D.C. Mayor Vincent C. Gray’s administration has been seeking out motels that could be used this winter as makeshift emergency family shelters in an effort to handle the expected surge in homeless families, according to internal documents and interviews with city officials.
Securing the facilities could help prevent a repeat of the pratfalls that occurred last winter, when officials said they had no alternative to placing families in Maryland motels and city recreation centers, until a judge ruled that the latter is illegal. At that point, the shelter at the dilapidated, old D.C. General Hospital had filled to the brim, and city motels were booked up.
Pressure has been mounting from advocates for the city to come up with an effective plan for the cold months, when city law requires officials to provide shelter for the homeless when temperatures dip below freezing. At least 840 families are expected to seek shelter this winter, 16 percent more than last year’s unprecedented number. With Gray (D) in the twilight of his term as mayor, another homeless crisis this winter would certainly tarnish his legacy.
Last month, according to internal documents obtained by The Washington Post, the city reached out to at least nine companies to submit proposals to provide “hotel accommodations” in which to house homeless families. Officials plan to put out a public solicitation for even more proposals Thursday.
The deadline to submit proposals is Friday and officials will review them over the weekend, according to a senior Gray administration official who asked not to be named because the plans were pending.
The biggest critics of the administration’s treatment of the homeless found its latest efforts encouraging.
“It’s a signal that the city is doing better planning about how to handle all these homeless families,” said Kate Coventry, a policy analyst for the Fiscal Policy Institute.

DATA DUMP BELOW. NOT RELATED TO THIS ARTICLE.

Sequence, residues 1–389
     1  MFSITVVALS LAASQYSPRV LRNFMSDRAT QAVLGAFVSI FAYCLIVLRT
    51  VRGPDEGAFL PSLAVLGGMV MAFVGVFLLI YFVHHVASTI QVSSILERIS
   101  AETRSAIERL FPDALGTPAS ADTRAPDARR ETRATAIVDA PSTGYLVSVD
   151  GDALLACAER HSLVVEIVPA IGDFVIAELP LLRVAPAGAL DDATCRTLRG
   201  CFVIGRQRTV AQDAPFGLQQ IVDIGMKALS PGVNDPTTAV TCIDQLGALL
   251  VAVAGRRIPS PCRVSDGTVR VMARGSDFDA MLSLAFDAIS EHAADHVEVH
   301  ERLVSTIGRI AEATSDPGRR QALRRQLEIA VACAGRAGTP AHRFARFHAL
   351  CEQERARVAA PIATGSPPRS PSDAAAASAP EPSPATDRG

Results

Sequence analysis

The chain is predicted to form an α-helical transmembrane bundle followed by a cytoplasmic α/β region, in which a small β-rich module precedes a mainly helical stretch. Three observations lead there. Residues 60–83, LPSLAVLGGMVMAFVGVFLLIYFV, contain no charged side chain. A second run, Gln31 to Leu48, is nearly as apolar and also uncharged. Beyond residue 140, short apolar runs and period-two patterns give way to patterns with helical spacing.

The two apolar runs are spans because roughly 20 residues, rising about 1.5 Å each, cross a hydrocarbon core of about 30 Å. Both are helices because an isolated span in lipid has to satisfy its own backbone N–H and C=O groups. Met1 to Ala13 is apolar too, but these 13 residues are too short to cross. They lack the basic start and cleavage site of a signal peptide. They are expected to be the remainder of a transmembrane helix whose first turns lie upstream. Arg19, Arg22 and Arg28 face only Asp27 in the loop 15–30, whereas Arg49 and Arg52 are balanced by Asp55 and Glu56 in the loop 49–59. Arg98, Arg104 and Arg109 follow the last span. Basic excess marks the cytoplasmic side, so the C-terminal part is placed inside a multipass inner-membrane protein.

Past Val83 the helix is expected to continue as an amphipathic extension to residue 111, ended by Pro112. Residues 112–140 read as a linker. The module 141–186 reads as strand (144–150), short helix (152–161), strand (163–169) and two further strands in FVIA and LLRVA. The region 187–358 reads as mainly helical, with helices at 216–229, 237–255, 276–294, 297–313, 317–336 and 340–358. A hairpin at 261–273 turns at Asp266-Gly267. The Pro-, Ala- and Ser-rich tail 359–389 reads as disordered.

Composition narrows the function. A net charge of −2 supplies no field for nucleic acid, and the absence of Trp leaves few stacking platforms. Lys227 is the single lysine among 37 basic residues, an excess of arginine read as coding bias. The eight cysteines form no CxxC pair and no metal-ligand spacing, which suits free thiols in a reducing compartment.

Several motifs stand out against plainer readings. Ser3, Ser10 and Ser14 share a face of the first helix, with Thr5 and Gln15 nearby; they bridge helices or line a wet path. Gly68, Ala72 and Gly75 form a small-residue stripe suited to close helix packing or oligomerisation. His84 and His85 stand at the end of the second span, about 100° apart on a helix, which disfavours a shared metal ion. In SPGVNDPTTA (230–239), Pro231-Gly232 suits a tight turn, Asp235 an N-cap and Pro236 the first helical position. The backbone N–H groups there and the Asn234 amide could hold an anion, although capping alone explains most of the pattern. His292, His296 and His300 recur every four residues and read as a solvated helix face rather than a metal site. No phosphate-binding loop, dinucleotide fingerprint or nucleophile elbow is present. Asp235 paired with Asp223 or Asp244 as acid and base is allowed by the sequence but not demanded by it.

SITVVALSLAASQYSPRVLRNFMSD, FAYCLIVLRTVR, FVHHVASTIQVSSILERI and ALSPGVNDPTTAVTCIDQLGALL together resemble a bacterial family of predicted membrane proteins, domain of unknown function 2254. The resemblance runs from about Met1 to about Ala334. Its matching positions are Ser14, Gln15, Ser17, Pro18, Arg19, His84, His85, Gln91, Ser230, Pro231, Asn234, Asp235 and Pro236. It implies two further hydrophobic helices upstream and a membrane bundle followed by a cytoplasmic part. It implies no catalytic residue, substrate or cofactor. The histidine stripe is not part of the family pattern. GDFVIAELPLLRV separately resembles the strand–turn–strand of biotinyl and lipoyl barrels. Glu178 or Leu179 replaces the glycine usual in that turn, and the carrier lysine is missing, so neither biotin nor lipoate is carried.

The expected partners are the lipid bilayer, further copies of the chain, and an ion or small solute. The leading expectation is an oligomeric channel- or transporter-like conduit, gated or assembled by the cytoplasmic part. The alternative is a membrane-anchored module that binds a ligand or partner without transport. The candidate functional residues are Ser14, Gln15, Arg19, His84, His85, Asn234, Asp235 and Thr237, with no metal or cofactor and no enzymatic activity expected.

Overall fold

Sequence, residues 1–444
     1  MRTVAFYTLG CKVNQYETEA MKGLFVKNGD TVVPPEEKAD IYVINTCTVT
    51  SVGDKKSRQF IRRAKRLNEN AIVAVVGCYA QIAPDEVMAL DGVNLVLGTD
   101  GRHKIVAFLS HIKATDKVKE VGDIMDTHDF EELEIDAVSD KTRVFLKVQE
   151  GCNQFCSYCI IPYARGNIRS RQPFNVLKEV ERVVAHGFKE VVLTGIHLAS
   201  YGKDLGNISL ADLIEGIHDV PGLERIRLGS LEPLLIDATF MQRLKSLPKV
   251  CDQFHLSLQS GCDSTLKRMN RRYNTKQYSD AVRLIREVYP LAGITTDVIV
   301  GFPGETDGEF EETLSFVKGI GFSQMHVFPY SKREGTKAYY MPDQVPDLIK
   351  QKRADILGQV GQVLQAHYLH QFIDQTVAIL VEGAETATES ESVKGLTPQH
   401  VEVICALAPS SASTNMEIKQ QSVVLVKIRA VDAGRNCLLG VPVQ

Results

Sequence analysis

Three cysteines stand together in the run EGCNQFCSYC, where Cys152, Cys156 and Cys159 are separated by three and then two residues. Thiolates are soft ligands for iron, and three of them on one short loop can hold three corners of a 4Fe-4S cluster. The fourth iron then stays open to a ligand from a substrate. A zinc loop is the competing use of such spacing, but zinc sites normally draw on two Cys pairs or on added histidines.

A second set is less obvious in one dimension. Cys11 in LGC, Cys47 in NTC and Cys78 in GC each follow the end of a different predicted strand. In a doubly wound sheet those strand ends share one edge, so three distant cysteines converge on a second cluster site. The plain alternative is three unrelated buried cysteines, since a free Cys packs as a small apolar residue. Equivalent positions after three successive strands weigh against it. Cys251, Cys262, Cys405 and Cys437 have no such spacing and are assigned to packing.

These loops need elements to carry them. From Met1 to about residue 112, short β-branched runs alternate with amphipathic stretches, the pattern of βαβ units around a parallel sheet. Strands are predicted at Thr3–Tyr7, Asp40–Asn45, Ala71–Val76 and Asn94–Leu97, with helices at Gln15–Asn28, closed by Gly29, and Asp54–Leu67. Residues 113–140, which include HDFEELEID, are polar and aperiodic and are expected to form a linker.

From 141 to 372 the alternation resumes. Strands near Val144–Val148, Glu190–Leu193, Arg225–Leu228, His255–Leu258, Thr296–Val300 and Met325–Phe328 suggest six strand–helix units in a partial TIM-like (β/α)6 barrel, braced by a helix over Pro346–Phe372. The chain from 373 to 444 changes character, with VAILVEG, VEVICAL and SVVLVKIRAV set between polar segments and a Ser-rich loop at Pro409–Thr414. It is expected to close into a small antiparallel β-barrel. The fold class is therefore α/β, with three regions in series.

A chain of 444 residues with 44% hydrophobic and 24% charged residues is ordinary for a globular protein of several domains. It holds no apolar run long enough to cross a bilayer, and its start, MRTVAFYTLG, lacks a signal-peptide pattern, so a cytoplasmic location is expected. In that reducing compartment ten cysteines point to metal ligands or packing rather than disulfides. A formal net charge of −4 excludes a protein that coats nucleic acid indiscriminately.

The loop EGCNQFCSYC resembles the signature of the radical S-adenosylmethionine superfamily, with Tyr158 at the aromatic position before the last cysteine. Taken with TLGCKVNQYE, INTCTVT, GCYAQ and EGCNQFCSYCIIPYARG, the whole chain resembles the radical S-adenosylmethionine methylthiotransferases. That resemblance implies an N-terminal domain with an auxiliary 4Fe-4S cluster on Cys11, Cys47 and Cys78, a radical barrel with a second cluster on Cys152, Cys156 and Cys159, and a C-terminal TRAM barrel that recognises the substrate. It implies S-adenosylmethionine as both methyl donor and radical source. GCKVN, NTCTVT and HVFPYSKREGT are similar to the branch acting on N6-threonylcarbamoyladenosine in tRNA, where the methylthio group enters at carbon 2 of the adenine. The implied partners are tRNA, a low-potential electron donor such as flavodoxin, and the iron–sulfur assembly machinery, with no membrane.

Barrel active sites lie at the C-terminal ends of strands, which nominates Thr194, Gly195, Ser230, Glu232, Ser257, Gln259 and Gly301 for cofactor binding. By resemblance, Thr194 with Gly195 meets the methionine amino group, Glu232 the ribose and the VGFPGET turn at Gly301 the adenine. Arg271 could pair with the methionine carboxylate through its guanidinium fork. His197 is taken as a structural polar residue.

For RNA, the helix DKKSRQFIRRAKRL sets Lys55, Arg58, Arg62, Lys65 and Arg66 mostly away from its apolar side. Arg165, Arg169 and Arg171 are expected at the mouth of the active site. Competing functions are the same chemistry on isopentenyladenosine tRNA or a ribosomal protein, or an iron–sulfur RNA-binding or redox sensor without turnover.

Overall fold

Even so, Coventry called the plan “a short-term solution.”
“I hope the new mayor makes the redevelopment of housing for homeless families a top priority,” she said.
It remains unclear just how many motel rooms the new plan will provide and how the city will pay for them. The current city budget was based on optimistic projections about the pace at which the city could find housing for homeless families, so much so that it did not allocate a single dollar to renting motel rooms for them. It’s also unclear whether the city’s newly elected mayor, Muriel E. Bowser (D), will embrace the plan or whether she will be able to amend it.
“The big question is, where is the money?” said Jim Graham (D-Ward 1), the Council member who oversees the city’s human services committee.
Graham, who has sometimes openly speculated that Gray would punt on homeless issues and leave them for the new mayor to resolve, applauded the latest move. The Council member had long been a proponent of putting families in motel rooms because it gives families a “sense of privacy and dignity,” he said, while avoiding some of the squalid conditions that have plagued D.C. General.
The new strategy would go even further than sprinkling families along New York Avenue when D.C. General got too full.
Renting out a single motel or building would make it easier for case managers to interact with residents, a Gray official said. It would also allow the city to enforce shelter rules, such as curfews.
Last month, the administration released a plan to shut down D.C. General and replace it with smaller homeless shelters sprinkled around the city. That plan was met with criticism by advocates because of its ambitious scheduling and lack of funding.
Following a barrage of criticism after the disappearance of 8-year-old resident Relisha Rudd last winter, the city invested in long-desired improvements to D.C. General. A $450,000 playground has been built. Kenneth Diggs, a spokesman for the city’s Department of General Services, said his department has doubled its spending on pest control, roof repairs and plumbing at the facility this fiscal year.
Officials are also still working on helping homeless families find suitable housing.
By placing an average of 64 homeless families a month into apartments, the city was able to start off this year’s “hypothermia season” — which began Nov. 1 — with vacancies in 126 of the 248 rooms at D.C. General, said Deborah Carroll, the city’s interim director of human services. That rate is not enough to empty the facility, Carroll said, but it is progress.
“We’re already ahead of the game,” Carroll said, “and we’re going to keep getting better.”